Sharks

Sharks counting on three prospects to fill Marleau void

Sharks counting on three prospects to fill Marleau void

SAN JOSE – There are nearly three full months between now and the start of the 2017-18 Sharks season, when San Jose hosts Philadelphia at SAP Center on Oct. 4. That leaves plenty of time for Sharks general manager Doug Wilson to try and fill the void left by Patrick Marleau, who signed a three-year contract with Toronto on Sunday, concluding his 19-year run with the organization.

Whether Wilson tries to sign ink of the remaining free agent forwards or attempts to make a trade could depend on how confident he and the other members of the Sharks’ brain trust are in the young players in the system. They will all have a better idea of their NHL-readiness after this week, as the annual prospects camp concludes on Friday.

The two forwards at camp with the best chance of making an impact would seem to be Timo Meier and Kevin Labanc, who both spent long stretches with the NHL club as rookies last season with mixed results. The opening is there for at least one of them – along with Marcus Sorensen, who is not in camp – to try and make up some of Marleau’s 27 goals last season.

“It’s hard not to kind of pay attention (to Marleau leaving) because you see it all over social media,” Labanc said. “It’s just kind of blown up. You don’t really want to think about it too much. You just want to stick to your game. … You’ve got to take advantage of the opportunities that are open.”

Meier said: “Whatever happens, my goal stays the same. There might be some more openings, or less openings, but for me I just want to make the team. Obviously something like that, such a great player leaving – [but] I think it’s a great chance for young players to step up.”

It was this time last year when Meier, 20, was thought to have an inside track on making the opening night roster. In training camp, though, he came down with mononucleosis, and didn’t make his NHL debut until Dec. 16 in Montreal.

“It was tough. I felt it over the whole season,” Meier said.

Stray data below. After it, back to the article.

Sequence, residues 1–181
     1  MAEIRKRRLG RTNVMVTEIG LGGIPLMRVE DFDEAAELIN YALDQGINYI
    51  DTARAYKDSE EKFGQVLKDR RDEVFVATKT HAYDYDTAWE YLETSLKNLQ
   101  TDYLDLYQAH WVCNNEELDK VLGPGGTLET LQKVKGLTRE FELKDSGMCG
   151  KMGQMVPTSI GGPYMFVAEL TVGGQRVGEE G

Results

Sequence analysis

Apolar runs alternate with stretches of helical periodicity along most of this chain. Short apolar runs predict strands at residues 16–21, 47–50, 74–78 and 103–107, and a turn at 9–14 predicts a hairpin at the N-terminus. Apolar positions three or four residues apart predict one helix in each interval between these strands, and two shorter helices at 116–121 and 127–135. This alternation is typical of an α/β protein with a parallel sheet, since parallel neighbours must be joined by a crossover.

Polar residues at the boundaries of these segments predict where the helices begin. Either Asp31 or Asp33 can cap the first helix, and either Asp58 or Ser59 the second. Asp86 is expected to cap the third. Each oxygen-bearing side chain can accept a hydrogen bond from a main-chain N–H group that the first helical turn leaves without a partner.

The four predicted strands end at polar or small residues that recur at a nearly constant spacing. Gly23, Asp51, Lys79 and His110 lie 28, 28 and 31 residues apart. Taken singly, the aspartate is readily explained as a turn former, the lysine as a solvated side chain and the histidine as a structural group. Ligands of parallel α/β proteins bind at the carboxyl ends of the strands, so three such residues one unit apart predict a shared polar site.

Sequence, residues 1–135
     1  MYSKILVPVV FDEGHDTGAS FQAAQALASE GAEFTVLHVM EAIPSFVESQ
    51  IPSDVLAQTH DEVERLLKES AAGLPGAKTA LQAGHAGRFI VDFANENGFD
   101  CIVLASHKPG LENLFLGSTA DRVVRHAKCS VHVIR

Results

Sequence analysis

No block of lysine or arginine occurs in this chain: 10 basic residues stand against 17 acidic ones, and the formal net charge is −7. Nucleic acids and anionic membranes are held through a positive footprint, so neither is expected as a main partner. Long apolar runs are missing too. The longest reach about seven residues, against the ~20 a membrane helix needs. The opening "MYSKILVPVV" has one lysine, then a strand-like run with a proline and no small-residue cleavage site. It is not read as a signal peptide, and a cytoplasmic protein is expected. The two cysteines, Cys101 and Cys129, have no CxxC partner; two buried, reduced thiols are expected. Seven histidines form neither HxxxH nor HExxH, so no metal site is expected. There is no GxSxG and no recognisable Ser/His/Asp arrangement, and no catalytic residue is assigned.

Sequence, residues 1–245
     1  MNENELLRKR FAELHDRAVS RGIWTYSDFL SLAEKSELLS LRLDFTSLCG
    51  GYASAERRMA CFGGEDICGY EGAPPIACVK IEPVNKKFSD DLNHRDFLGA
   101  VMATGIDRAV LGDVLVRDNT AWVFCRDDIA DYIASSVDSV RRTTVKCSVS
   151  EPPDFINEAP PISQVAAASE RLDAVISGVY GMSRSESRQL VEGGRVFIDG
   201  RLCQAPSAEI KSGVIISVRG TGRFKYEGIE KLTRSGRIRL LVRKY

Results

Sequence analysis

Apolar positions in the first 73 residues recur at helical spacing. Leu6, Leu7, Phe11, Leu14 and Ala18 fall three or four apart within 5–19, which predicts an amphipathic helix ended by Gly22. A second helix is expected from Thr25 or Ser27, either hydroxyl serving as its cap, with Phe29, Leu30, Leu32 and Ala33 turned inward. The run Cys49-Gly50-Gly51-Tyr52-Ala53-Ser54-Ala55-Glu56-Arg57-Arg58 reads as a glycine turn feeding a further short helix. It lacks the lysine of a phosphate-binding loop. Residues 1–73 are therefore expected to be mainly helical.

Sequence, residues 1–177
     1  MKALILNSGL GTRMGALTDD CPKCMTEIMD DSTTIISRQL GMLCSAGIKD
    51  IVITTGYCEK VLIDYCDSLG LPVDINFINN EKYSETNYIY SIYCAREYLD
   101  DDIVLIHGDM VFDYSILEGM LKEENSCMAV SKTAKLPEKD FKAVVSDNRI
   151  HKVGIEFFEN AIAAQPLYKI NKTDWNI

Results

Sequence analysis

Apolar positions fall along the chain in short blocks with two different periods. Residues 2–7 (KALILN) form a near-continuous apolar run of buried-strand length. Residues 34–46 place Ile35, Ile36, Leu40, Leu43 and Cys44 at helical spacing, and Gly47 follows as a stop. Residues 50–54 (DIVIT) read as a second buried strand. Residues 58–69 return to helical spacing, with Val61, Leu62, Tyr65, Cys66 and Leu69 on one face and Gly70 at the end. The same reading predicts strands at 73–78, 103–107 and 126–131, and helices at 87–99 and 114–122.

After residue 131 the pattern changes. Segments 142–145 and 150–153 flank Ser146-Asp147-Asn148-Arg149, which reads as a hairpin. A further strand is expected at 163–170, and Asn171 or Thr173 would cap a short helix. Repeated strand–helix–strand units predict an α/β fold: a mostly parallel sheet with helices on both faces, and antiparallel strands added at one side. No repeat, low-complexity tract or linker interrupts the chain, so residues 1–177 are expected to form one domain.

Although he scored a goal in his first game at Bell Centre, it wasn’t all smooth sailing from there. Meier was reassigned to the AHL Barracuda for a stretch in February and March, and finished with a disappointing three goals and three assists for six points in 34 games.

While Meier registered an impressive 85 shots on goal (2.5 per game), Sharks coach Pete DeBoer indicated during the season that Meier’s shot selection needed some improvement. 

Meier said: “This season I didn’t score a lot of goals in the NHL, but I know if I keep working hard and get some chances and maybe be smarter about the shots I take, maybe more quality shots, and when I get the chance, put it in the net.”

Labanc, 21, found success with the Sharks quickly, posting seven goals and 12 points in his first 26 career NHL games. But then he went ice cold, going 28 straight games without a goal in between trips to the Barracuda. Unlike Meier, who played in five of the six first round playoff games, he didn’t suit up for the Edmonton series.

Naturally, he’s seeking “a little bit more consistency” this season.

“It was a good learning curve for me,” said Labanc, who was arguably the best player on the ice during the Sharks' prospect scrimmage at SAP Center on Thursday night. “This year I want to make the team, I want to prove myself, and I want to excel in every game that I play in.”

All eyes on the goaltenders ahead of Sharks-Golden Knights series

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USATSI

All eyes on the goaltenders ahead of Sharks-Golden Knights series